THE JUNGLE IMMERSES YOU INTO A WORLD OF HOMELESS IMMIGRANTS THAT HAVE CREATED ITS OWN NEW UNIVERSE, A BRILLIANT THEATRE EXPERIENCE
A homeless camp with a “4-star” restaurant has taken over the Orchestra pit at the San Francisco Curran Theatre, and it is an overpowering heart pounding theatre experience. Good Chance Theatre, National Theatre and Young Vic production of THE JUNGLE is now letting theatre fans join their homeless camp through May 19th. Written by Joe Murphy and Joe Robertson, and under the terrific direction of Stephen Daldry and Justin Martin. The company is made up of 24 actors from around the world, including three actors from the Jungle that emploaded in Calais France in 2015.
Less than three years after its origin and historic creation, two young English writers entered the camp and created an acting troupe to entertain the 10,000 immigrants and refugees in the Jungle.
The Curran’s 1600 seat proscenium theater had a remarkable makeover in order to house THE JUNGLE’s 360° staging and designer Miriam Buether’s award-winning set. Audiences enter the camp restaurant through the full working kitchen created by the designers. The Afghan café in the Calais camp, serves some of the audience at the long runway tables that double as the Jungles stage. The mezzanine seats allows a full view of the event. This magnificent transformation has reduced the capacity of the Curran to a more in-your-face 600 seats or benches and some of the sold out visitors sit on the dirt ground floor.
Managing Artistic Director Carole Shorenstein Hays is very excited about the passion of this play; “It is a pleasure to introduce our audiences to a truly visional artistic team. By putting such a heartbreakingly human face on a story too often told through statistics, THE JUNGLE manages to provide us with both an incredible evening of theater and a moral imperative for our times. It is precisely the show America needs right now, as we struggle mightily to harness the collective strength of our better selves. Let the dialogue begin, Bay Area."
Co writer Joe Murphy attended the opening night April 4th and says “this show has taken me on a very long journey, we have people from eleven different countries this is truly a global play, a huge amount of inspiration came from the people we met in the camp, we were there for seven months, we asked ourselves should we develop a story, it felt important to us so we set about doing this and here we are.”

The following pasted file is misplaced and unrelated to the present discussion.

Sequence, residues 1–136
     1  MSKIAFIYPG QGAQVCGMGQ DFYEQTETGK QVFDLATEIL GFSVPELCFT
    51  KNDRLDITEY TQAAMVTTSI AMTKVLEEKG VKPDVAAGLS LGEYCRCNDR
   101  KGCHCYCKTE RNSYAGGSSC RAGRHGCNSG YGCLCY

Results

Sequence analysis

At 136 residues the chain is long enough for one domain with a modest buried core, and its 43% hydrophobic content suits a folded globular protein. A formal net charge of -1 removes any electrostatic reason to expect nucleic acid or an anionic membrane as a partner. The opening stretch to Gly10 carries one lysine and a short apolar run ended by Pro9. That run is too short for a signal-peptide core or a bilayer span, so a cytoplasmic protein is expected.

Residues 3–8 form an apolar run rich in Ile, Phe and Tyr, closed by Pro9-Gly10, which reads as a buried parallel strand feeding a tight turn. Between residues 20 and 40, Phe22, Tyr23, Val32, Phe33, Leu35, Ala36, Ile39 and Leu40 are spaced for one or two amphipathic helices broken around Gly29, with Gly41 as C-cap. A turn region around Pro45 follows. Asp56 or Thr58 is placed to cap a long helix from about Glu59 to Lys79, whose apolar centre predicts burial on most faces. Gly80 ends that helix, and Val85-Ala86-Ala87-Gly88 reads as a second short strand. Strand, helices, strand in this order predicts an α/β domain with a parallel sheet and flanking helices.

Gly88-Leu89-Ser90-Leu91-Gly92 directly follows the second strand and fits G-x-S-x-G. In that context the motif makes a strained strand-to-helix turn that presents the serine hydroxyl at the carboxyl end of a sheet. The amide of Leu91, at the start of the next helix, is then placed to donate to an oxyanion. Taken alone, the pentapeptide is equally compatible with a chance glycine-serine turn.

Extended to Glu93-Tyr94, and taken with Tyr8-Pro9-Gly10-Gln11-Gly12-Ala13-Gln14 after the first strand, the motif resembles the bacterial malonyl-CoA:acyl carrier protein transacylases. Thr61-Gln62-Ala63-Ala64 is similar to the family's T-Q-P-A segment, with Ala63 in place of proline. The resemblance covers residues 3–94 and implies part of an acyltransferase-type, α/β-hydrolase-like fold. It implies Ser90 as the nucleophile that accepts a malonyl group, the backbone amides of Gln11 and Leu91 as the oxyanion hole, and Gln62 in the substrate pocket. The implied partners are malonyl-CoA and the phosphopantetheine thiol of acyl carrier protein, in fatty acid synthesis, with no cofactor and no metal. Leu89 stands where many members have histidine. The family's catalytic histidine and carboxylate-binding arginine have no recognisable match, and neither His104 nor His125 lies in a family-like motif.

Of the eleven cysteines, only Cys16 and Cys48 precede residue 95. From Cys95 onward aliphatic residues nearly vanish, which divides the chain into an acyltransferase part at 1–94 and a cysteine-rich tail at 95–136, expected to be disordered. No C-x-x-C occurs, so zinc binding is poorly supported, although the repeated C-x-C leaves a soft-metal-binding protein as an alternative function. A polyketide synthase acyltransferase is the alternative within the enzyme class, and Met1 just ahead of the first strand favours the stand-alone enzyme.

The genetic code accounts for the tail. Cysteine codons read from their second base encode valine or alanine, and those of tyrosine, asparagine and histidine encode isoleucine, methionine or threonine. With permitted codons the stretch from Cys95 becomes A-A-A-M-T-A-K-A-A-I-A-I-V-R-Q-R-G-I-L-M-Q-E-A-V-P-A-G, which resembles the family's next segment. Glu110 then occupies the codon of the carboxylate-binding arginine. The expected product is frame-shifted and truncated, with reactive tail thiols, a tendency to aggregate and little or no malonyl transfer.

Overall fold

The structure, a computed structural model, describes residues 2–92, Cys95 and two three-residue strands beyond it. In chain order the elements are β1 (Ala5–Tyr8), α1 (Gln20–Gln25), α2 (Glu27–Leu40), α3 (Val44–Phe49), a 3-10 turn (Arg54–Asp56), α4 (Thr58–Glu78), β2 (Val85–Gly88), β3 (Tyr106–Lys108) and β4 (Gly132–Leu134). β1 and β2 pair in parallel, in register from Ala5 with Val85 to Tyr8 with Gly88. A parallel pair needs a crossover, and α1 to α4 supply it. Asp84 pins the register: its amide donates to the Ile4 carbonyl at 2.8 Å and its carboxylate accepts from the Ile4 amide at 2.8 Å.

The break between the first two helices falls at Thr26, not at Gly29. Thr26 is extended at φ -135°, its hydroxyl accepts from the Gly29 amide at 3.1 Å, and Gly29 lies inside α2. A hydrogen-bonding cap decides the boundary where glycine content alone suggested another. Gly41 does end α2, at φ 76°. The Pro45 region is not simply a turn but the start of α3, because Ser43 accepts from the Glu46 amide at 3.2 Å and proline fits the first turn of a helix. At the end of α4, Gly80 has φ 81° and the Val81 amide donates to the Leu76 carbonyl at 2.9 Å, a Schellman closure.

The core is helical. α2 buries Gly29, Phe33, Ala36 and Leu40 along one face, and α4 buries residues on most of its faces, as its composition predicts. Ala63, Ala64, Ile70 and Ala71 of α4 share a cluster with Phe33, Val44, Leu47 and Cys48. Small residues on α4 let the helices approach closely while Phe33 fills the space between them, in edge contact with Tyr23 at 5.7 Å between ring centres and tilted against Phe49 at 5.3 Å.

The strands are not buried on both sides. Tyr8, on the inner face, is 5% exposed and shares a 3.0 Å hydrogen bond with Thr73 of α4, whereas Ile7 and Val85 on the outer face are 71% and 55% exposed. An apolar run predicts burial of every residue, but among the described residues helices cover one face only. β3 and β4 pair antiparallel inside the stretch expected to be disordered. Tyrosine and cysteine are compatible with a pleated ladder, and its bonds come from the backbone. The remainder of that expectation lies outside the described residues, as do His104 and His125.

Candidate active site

THE JUNGLE vividly immerses us into the world of a homeless and refugee camp that created its own world universe. It tells the real story of the Jungle’s creation in Calais, France, in 2015, and its fall in 2016. This extraordinary two hour and 45 min experience brings attention to the European migrant crisis that still is on going in France and around the world. The playwrights Murphy and Robertson set up a camp theater within the Jungle during their 2015 visit. The stories and drama that happens around the theatre are experiences from the actual camp. This reminds me of the Theatre that came out of the Delano Ca in 1965 as Cesar Chavez was fighting for Farm workers. Icon Luis Valdez created the award winning El Teatro Campesino during the Mexican and Filipino farmworkers movement.
The visit to the camp drops us in the center of madness of asylum-seekers and a clash of cultures and in your face passion. Most of the evening is a flashback as the first scene begins we see the Jungle is destroyed. Riot police with bats, and bulldozers crush the restaurant, and the sold out audience spread throughout the floor space duck for cover. The real 6000 refugees along with 460 children many of the kids unaccompanied witnessed this dark end and directors Daldry and Martin recreated the terror that lifts from your seat. Scene two and the action then flashes back to March 2015 about two months after the Jungle begins to form.
The Curran theater space and the camp’s designer Buether keeps the Afghan Cafe busy at all times with dance and celebration. But emotions are always heated and dialogue overlaps as many stories happen at once as audience sits in front of long, narrow tables on a dirt floor with wider platforms that serve as walkways for the actors to walk among us. I sat in the back Orchestra area and was able to see a full view of the events, many that the pit audience misses. Actors approach you to help make flyers or help them get dressed or set up the tents.